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Pressure on Belgium to make their golden generation count

·4 min read
 (AFP via Getty Images)
(AFP via Getty Images)

The measurement that most outlines the scale of Belgium’s collective strengths is the shrugging of shoulders around Eden Hazard. Sure, it would be quite the welcome thing if he rediscovered his unplayable self, sparked the team, and scorched the tournament’s defenders. But, if he doesn’t, see: Kevin De Bruyne and Romelu Lukaku.

They are the headliners, but when a supporting act features the likes of Thibaut Courtois, Dries Mertens, Axel Witsel with Youri Tielemans not even guaranteed a starting spot, it’s simple to see why opponents view Roberto Martinez’s men as such a threat.

They coasted through qualifying, winning all 10 of their games - only the seventh nation in history to make the Euros with a 100 per cent record - while scoring 40 and being breached a paltry three times in a group that contained Russia and Scotland.

Shed of the experience of retired trio Vincent Kompany, Marouane Fellaini and Mousa Dembele, Belgium are still a well-balanced unit that can bank on a clarity of vision and tactical execution.

They have traditionally lined up in a 3-4-3 and the starting line-up is easy to sketch when everyone is available. De Bruyne underwent a successful operation to the left eye socket he fractured in a tussle with Antonio Rudiger during the Champions League final and may only sit out the opening match.

"I would say at the moment I’m not counting on Kevin to be in the first game, but if that changes it will be because he adapts well to his own programme,” Martinez said.

“But we’re not going to push any sort of timeline into Kevin’s recovery. [He] is here, is mentally really enthusiastic and excited, and we need to take every 24 hours in real focus.”

Witsel then is currently the sole injury concern as he attempts to shake off an Achilles problem, but it’s a major one given the structure he offers in midfield.

Bar that worry, it’s pretty much standard procedure for Martinez’s charges except the pressure has been escalated.

Following a third-placed finish at the 2018 World Cup, the Euros and next year’s global tournament represent the last opportunity for this golden generation to lift major silverware.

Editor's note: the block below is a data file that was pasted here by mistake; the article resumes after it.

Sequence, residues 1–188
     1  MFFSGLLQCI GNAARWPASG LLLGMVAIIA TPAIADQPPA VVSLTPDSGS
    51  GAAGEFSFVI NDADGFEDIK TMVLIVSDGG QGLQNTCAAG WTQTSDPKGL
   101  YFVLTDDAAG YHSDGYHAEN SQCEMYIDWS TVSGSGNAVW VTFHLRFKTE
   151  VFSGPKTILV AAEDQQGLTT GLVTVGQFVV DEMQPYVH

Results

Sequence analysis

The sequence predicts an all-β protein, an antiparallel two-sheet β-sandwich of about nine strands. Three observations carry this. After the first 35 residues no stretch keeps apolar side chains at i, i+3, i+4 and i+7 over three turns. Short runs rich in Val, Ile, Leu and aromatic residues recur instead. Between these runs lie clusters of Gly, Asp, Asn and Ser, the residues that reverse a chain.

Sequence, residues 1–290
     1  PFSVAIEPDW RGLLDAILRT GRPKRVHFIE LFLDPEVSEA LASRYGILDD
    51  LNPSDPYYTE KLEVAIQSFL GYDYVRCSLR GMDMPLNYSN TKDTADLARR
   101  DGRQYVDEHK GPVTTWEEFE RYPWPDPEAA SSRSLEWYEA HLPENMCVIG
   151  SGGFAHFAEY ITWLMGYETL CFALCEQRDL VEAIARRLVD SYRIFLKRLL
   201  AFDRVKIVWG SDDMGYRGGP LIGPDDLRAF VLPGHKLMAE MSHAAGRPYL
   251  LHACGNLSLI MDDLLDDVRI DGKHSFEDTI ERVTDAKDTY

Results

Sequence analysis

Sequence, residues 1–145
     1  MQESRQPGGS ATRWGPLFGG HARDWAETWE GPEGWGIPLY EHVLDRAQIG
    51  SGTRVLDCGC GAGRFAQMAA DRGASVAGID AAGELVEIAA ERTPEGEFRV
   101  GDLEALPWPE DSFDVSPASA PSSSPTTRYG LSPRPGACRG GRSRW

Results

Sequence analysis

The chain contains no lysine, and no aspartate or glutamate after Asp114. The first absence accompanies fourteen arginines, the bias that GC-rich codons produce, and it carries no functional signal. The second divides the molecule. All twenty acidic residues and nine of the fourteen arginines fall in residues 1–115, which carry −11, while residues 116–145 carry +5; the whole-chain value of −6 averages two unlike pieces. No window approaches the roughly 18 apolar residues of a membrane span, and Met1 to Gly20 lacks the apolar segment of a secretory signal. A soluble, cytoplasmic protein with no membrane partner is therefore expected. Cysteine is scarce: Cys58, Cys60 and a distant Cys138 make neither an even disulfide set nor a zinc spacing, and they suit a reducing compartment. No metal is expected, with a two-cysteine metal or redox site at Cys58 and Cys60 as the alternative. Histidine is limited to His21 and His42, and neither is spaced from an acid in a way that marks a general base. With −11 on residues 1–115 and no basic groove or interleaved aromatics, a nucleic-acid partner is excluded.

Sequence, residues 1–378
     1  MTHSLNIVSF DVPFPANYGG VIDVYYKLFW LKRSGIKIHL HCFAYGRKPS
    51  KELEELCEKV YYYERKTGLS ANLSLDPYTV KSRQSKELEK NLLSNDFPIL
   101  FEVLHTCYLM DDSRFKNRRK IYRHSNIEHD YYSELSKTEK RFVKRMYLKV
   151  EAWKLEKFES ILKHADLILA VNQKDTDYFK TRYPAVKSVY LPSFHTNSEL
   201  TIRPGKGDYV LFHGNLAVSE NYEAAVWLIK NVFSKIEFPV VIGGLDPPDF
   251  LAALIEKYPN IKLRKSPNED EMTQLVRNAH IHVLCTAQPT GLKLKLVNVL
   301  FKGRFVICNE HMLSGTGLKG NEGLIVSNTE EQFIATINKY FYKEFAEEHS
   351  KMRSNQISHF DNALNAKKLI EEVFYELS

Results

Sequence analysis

De Bruyne and Lukaku are in their prime, among the undisputed best in their positions across the game. Mertens and Vertonghen are past their peak and the Qatar showpiece might be too much in the distance for the pair.

Hazard’s most efficient spells look to be in the rear-view mirror in light of his injury issues, and at 30, the explosiveness is not going to endure.

This doesn’t only feel like a nearing to a conclusion for a generation, but the manager too. He has a year left on his contract and The Independent has been informed that Martinez has fielded several club approaches this summer - three from the Premier League but did not want to commit ahead of the tournament.

He has never hidden that the buzz of working with a group every day still appeals to him and having steered Belgium to the world’s No 1 ranked team for close to three years, a new challenge seems the natural evolution.

The Euros has built into a critical point for the next chapter of the nation’s story: do they crown a proud era with silverware, or will a ridiculous pool of talent be left looking back with ‘what ifs?’.

There is an overwhelming confidence stemming from the team, born out of their surety in roles and approach.

It has been interesting to see Martinez reference how much of his team feel at home at Wembley (Vertonghen and Toby Alderweireld called it home with Spurs for a while, Tielemans scored the FA Cup winner there, Courtois and Hazard lifted the same trophy at the ground, while Lukaku has some fond memories), which hosts the semi-finals and the climax of the competition.

The thinking is very big and very far, as it should be. There may not be other time for all the ingredients to combine so well for Belgium’s golden generation to turn their consistency into champions currency.

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